Some people swear by the health claims of medicinal KFC. Not me. I admit, I've used KFC recreationally. And I did digest.

But I was younger then. (About four days younger: this was on Saturday.)

Little did I realise, this private, after-hours, consensual act - between me, the Colonel and a deliciously cremated dead chicken -would suddenly become a public issue. KFC is sponsoring the World Cup of Rugby League. (Or as this year's event will be called, the Rugby League World Bucket.)

You may need to know a lot about KFC to know their larger orders are served in buckets. I know a lot about KFC.

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I wonder why KFC ever stopped putting out Tender Roast. I wonder why KFC chips are always soggy. How can a company whose core business is deep frying chicken, forget everything when it comes to deep frying a potato?

The public health issue is morbid obesity. Is it morally OK for a giant corporation to target a community who flat out love their product? What next: marketing?

Fat-shaming is wrong, but calling it morbid obesity, makes you sound concerned, not insulting. Morbid obesity is like saying there's congestion and gridlock in the cardiac CBD, and if we're not careful, the council will need to install a quadruple bypass.

I'm old enough to remember when there was an event called the Benson & Hedges Fashion Awards. Hot, stick-like women were associated with hot thin sticks. I also remember when B&H sponsored cricket and when Winfield sponsored league. We've come a long way.

Tobacco is now a pariah, and their ill-gotten gains are no longer permitted to grab the coat-tails of other shallow physical pursuits. Indeed, cigarettes are not even allowed to advertise themselves, and must be sold incognito.

Just to look upon their packaging is like looking inside the Lost Ark, and risk your own face melting from gruesome images of worst-case scenarios.

Despite the War on Chicken, KFC, say what you like, is still food: a source of energy and nutrition. Dropping a pallet-load of KFC onto a famine region would be helpful: not the same as dropping cartons of cigarettes.

And health-wise, what's worse for your body: eating KFC, or playing rugby league? Why is it noble and admirable, for rugby players to smash their heads into each other, risking spinal injuries, broken legs and concussion - yet if your preferred technique of self-harm is diabetes, high blood pressure and cardiac disease, it's somehow worse? Aren't they both damaging? Aren't they both a drain to society?

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Certainly there's a puritanical thing going on. We like to think we're championing health, but really, we want people to suffer. Inject aromatic sodium and fat into all four chambers of your heart, while couch-bound, surfing porn, and you're the baddie. But: lose fingers, toes and brain cells while climbing Everest - and you're a hero.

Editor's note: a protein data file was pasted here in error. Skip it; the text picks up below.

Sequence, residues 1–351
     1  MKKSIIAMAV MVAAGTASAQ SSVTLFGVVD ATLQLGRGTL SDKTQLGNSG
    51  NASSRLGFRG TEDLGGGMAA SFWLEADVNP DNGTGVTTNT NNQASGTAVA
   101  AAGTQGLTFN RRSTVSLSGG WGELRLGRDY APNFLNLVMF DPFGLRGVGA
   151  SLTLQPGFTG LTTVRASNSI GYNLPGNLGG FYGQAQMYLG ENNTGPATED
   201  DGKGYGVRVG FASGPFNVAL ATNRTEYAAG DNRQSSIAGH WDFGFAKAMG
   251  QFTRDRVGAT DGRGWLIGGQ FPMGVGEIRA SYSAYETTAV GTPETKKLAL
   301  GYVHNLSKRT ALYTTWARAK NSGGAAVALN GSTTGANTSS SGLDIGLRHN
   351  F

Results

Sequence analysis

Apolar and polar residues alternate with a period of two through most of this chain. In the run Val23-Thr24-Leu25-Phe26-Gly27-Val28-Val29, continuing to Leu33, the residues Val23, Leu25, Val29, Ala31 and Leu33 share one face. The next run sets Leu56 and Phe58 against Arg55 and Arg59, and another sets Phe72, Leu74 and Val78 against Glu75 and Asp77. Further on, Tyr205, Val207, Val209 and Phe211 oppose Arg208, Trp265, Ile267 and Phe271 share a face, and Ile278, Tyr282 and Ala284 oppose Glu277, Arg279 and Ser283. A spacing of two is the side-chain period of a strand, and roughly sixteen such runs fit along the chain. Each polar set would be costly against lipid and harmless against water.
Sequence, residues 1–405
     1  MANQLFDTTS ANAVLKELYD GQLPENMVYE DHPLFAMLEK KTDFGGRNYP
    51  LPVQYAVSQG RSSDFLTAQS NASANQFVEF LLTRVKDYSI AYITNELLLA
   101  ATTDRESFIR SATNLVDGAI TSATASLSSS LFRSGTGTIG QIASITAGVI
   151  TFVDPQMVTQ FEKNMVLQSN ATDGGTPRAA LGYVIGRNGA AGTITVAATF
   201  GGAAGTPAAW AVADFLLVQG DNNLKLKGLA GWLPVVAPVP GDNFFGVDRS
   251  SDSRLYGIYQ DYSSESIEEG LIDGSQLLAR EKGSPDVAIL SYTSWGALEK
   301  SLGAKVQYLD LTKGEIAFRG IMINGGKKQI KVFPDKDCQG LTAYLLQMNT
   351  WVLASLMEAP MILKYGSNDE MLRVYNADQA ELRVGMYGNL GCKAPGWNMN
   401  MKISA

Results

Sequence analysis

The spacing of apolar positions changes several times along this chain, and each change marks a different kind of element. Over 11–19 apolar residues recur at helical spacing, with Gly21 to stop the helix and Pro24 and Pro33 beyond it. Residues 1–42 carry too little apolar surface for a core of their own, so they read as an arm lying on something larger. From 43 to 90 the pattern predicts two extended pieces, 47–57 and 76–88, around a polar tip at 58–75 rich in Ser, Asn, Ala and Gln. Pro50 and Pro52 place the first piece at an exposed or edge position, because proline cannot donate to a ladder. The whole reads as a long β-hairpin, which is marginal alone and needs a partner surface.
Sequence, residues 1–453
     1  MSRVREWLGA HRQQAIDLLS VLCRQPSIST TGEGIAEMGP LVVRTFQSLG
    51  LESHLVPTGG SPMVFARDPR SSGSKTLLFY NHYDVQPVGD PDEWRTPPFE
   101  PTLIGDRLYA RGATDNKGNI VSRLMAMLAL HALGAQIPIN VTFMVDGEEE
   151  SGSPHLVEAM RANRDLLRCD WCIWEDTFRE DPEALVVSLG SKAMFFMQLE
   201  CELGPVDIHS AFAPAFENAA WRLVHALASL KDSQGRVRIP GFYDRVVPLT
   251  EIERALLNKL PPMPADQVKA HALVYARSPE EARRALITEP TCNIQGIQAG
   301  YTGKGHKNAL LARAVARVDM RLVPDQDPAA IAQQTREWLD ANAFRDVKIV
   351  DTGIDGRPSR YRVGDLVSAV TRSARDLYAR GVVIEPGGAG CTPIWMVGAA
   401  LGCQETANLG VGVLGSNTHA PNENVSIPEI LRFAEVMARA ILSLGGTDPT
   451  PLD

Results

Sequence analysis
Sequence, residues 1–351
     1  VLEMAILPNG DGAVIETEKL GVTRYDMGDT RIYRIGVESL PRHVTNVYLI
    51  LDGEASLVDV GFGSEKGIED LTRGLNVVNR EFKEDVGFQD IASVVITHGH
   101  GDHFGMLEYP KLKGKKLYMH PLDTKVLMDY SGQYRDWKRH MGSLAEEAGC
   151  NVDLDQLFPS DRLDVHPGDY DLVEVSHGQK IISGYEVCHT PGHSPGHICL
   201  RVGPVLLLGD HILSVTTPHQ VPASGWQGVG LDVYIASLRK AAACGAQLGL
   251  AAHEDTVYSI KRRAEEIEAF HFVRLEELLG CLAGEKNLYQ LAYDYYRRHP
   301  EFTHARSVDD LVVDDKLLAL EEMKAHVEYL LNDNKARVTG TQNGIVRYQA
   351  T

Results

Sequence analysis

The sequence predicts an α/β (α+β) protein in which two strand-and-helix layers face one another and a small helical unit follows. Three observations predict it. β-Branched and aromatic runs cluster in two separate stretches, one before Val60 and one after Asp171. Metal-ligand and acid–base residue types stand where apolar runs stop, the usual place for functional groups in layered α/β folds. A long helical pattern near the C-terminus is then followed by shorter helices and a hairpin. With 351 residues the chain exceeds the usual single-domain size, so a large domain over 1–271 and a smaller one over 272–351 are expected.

The First World problem is this: be careful what you wish for. Back in the day, we hunted and gathered - a certain amount of energy had to be spent to take any in. Nowadays, hunting and gathering consists of a verbal request, while sedentary, at a drive-thru. More often than not, even the transmission is automatic.

So how to protect us from ourselves? Should KFC be limited only to those buyers who can show a certain number of Fitbit steps on the same day, or who can demonstrate a thigh gap, or show visible front hip bones? Should KFC packaging be made to show health warnings and stigmatizing pictures?

Should you only be allowed to obtain KFC at the age of 18, and even then, with a prescription? (Of course, then Pharmac would have to deal with the question whether the 11 herbs and spices be replaced by a generic formulation.)

If KFC really wanted to target children, they'd shell out for an ad where the Teletubbies gorge themselves on the product. (At least it would explain how they got tubby.)

Honestly, you'd think fast food is our education system, the way some complain. We're arguing whether a girl or boy should get a different toy in their Happy Meal. Maybe boys shouldn't get a Happy Meal at all. They should get a Staunch Meal, which comes with a grey plastic man-cave, to encourage them to retreat, suppress emotions, and just say everything's OK. Girls meanwhile can get a Happy Meal where the actual meal itself is a plastic toy, and after posting an Instagram, they only pretend to eat it.

@RaybonKan
www.raybonkan.com